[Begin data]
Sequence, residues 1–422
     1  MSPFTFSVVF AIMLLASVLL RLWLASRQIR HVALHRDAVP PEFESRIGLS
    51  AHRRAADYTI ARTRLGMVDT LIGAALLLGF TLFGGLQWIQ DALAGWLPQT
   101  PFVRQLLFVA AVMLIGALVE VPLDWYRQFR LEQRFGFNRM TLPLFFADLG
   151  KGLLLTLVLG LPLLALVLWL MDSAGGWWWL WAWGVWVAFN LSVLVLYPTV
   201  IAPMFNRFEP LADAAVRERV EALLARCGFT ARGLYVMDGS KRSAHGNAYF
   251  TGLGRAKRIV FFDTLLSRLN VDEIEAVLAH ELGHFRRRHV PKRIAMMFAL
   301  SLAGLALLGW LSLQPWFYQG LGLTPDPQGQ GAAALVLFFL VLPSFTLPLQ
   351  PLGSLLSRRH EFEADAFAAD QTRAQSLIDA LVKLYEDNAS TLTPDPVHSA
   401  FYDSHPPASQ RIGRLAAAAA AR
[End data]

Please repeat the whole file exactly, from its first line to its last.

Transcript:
Sequence, residues 1–422
     1  MSPFTFSVVF AIMLLASVLL RLWLASRQIR HVALHRDAVP PEFESRIGLS
    51  AHRRAADYTI ARTRLGMVDT LIGAALLLGF TLFGGLQWIQ DALAGWLPQT
   101  PFVRQLLFVA AVMLIGALVE VPLDWYRQFR LEQRFGFNRM TLPLFFADLG
   151  KGLLLTLVLG LPLLALVLWL MDSAGGWWWL WAWGVWVAFN LSVLVLYPTV
   201  IAPMFNRFEP LADAAVRERV EALLARCGFT ARGLYVMDGS KRSAHGNAYF
   251  TGLGRAKRIV FFDTLLSRLN VDEIEAVLAH ELGHFRRRHV PKRIAMMFAL
   301  SLAGLALLGW LSLQPWFYQG LGLTPDPQGQ GAAALVLFFL VLPSFTLPLQ
   351  PLGSLLSRRH EFEADAFAAD QTRAQSLIDA LVKLYEDNAS TLTPDPVHSA
   401  FYDSHPPASQ RIGRLAAAAA AR